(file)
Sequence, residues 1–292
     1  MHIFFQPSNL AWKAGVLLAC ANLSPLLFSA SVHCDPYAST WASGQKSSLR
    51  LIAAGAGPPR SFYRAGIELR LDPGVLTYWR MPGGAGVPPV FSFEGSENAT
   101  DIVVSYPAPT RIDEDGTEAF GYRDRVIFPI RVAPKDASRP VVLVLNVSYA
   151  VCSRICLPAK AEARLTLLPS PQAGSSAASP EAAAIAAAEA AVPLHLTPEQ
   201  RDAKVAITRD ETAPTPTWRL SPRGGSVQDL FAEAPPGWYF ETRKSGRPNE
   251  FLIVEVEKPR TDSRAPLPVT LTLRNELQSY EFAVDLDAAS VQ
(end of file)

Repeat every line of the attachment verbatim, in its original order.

Sequence, residues 1–292
     1  MHIFFQPSNL AWKAGVLLAC ANLSPLLFSA SVHCDPYAST WASGQKSSLR
    51  LIAAGAGPPR SFYRAGIELR LDPGVLTYWR MPGGAGVPPV FSFEGSENAT
   101  DIVVSYPAPT RIDEDGTEAF GYRDRVIFPI RVAPKDASRP VVLVLNVSYA
   151  VCSRICLPAK AEARLTLLPS PQAGSSAASP EAAAIAAAEA AVPLHLTPEQ
   201  RDAKVAITRD ETAPTPTWRL SPRGGSVQDL FAEAPPGWYF ETRKSGRPNE
   251  FLIVEVEKPR TDSRAPLPVT LTLRNELQSY EFAVDLDAAS VQ